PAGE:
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Telescope Glasses for Low Vision: When, Why, How and More

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Telescope Glasses for Low Vision: When, Why, How and More

Henry A. Greene, OD, FAAO, Invited Author, with Richard J. Shuldiner, OD, FAAO, Chief Clinical Editor

When you think nothing more can be done, tell the patient to Google “low vision help”.

The major goal in low vision care is finding a way for the person to do what they want to do. The major optical goal in low vision care for central vision loss is to magnify the image sufficiently to make it discernible by the patient.

Optical magnification requires that the material to be viewed be held at the focal length of the optical system. For hi- add readers and magnifiers this is usually much closer than the habitual working distance of the user, but with training and practice it can usually be accommodated.

Conversely, some activities must be performed at distances defined by the activity such as computer screens, cooking, reading music, seeing faces, theater, TV, signs, blackboards, and traffic signals for example. In activities such as these, the optical device must provide magnification at a working distance supportive of the activity. This can be accomplished with the use of telescopic aids.

Telescopic low vision glasses can be focusable or fixed-focus, the latter using reading caps selected for specific working distances. In instances where simply moving close enough to see the object of regard is NOT an option, telescopic aids currently offer the best alternative.

Distance vision supports social activity and its loss can undermine quality of life. The inability to see body language or make eye contact can be isolating and can contribute to depression amongst the visually impaired. Loss of distance vision usually impacts independence and self-worth much more so than loss of reading and it cannot readily be replaced through other modalities—no one can see your friends’ and family for you.

The “In’s and Out’s” of Telescopes for Low Vision

Optical telescopes are available in two designs—Galilean and Keplerian. Each has its distinct characteristics and attributes. Galilean telescopes are comprised of a plus objective lens and a minus ocular lens. Keplerian telescopes have plus lenses for both the objective and the ocular.

Galilean telescopes are small and lightweight due to their simple optical design. They produce a bright image but offer rather narrow fields of view (about 5 degrees at 4x) and tend not to be sharp edge-to-edge. They are available as both fixed-focus and focusable versions and are usually prescribed in 1.7x, 2.2x and 3x powers, but are available as high as 6x. Because of their small size and low weight they are convenient for binocular prescriptions.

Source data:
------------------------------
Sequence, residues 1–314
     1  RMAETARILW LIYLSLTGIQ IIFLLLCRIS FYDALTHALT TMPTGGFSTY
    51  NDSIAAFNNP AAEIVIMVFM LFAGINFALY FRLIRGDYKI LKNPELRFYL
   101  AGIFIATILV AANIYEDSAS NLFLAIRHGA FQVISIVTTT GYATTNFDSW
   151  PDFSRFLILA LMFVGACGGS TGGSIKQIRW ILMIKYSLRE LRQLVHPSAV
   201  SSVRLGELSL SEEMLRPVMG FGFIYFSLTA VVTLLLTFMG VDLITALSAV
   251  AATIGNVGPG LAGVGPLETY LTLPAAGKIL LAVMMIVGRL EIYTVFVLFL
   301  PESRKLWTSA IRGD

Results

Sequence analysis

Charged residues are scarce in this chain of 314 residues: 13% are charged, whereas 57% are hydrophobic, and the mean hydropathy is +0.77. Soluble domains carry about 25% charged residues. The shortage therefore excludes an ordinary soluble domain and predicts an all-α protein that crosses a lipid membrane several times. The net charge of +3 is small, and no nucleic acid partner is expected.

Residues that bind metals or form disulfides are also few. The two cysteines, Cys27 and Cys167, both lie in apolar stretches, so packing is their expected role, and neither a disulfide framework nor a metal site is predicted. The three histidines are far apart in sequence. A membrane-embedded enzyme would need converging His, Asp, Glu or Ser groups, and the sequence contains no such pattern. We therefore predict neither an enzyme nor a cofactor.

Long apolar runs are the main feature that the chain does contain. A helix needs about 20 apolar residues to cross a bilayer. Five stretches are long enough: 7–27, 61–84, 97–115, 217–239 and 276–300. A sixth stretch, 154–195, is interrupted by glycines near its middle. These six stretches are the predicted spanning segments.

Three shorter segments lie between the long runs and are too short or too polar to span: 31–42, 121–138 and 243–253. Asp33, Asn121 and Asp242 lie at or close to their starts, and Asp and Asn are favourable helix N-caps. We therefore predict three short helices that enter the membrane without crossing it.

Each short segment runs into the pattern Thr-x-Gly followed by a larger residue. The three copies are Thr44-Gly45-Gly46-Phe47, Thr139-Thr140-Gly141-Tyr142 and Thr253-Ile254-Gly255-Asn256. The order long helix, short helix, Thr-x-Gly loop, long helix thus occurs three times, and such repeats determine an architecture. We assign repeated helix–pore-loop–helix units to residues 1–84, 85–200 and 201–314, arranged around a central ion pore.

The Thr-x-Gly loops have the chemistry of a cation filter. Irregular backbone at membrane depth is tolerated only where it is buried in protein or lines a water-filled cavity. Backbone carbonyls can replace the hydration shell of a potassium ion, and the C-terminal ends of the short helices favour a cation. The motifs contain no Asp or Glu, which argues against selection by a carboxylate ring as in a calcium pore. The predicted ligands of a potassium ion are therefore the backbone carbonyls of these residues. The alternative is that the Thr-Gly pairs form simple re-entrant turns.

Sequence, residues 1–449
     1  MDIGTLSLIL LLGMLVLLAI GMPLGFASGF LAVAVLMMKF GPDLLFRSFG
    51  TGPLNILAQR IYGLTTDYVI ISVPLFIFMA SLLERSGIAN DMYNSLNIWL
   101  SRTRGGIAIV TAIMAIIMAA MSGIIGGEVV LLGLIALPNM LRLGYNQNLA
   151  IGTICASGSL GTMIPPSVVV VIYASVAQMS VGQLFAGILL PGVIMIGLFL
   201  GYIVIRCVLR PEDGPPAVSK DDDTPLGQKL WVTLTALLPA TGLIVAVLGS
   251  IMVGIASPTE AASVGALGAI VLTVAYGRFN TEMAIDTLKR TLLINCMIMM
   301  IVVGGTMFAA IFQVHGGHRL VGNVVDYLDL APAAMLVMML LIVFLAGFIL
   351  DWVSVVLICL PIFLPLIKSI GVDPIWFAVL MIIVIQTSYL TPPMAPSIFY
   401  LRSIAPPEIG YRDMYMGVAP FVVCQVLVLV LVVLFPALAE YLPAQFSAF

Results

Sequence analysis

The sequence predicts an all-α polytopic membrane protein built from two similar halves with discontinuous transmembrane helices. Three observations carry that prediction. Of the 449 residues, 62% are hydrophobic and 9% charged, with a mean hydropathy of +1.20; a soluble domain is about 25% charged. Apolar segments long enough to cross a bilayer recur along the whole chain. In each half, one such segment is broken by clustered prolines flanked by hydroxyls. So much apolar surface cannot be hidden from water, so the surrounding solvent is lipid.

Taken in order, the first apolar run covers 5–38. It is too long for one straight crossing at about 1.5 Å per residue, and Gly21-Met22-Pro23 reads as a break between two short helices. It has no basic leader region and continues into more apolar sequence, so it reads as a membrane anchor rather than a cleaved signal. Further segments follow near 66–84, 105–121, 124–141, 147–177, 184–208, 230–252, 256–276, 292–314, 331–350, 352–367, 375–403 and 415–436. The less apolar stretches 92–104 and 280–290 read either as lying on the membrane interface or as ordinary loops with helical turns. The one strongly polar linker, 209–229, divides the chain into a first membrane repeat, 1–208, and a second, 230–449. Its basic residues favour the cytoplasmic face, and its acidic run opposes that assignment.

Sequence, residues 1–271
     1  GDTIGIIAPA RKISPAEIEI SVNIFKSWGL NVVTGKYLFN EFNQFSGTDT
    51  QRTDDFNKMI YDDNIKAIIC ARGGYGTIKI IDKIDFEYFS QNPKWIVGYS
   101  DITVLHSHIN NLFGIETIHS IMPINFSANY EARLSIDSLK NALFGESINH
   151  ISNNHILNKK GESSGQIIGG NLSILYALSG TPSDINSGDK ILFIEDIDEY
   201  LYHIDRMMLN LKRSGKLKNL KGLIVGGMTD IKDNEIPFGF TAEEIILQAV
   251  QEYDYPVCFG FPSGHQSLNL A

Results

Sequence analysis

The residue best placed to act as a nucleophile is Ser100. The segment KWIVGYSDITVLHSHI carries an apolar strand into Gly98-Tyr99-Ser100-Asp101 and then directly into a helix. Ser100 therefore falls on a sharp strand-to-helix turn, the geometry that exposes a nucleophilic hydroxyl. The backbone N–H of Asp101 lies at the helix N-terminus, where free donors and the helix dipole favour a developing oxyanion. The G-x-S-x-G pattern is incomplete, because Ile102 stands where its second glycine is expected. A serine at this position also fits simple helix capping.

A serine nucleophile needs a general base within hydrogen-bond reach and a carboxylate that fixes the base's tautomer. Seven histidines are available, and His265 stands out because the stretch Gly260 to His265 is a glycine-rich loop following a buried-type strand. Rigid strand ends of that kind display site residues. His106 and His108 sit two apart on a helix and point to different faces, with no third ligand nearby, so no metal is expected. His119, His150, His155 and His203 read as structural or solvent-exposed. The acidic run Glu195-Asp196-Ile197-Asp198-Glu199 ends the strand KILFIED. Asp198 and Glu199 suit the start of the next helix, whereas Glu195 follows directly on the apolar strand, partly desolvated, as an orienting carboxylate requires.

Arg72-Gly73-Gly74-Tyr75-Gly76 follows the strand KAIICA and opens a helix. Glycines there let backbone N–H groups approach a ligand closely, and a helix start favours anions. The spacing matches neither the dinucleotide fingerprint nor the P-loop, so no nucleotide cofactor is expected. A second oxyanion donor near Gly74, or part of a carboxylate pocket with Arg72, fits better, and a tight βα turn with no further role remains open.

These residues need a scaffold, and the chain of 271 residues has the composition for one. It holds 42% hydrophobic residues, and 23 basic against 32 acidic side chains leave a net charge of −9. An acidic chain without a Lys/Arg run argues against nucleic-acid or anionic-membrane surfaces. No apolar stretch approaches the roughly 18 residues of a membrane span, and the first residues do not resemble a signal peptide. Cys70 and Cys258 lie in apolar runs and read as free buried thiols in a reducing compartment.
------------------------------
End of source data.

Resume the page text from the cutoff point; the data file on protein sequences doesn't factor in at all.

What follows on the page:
Keplerian telescopes are longer and heavier as they incorporate prisms to reorient what would otherwise be an upside down and inverted image. They provide fields of view at least twice as large (about 12 degrees at 4x) as Galilean telescopes. All commercially available Keplerian telescopes are focusable (with one auto focusing version) and are most frequently prescribed in 3x, 4x, 5x and 6x powers.

autofocus keplerian bioptic telescope glasses

Autofocus Keplerian Bioptic telescope glasses

manual focus keplerian bioptic telescopes

Manual Focus Keplerian Bioptic Telescopes

hand held focusable galilean telescope

Hand Held Focusable Galilean Telescope

galilean fixed focus bioptic telescope glasses

Galilean Fixed Focus Bioptic Telescope Glasses

keplerian telescope glasses for near only

Keplerian Telescope Glasses for near only

head borne non rx keplerian telescope glasses

Head Borne Non-Rx Keplerian Telescope Glasses

The Telescope Prescribing Goal

As discussed previously, patients complain that they cannot see far enough away to perform whatever activity they have in mind. Patients with 20/40 vision, although they may notice some reduction in visual clarity, can usually see well enough for most activities. In fact, in most states, individuals are licensed to drive without restrictions with 20/40 acuity, and children are unencumbered in the classroom with that level of acuity. It is reasonable to assume then, that if we can provide 20/40 acuity through the telescope, most patients should be reasonably satisfied with the functional benefit it provides. So, if the goal is 20/40, a 2x device should be adequate for an individual with 20/80 acuity, 4x for 20/160, and 6x for 20/320.

Field of View

If we prescribe higher magnification to achieve better acuity it will be at the expense of a narrower field of view, which is the major complaint of telescope users. Clinically we find that users have increasing difficulty when fields become narrower than 10 degrees. So, we always need to balance adequate acuity while maximizing field of view with the telescopic device that will be prescribed.

The patient’s perspective on low vision telescopes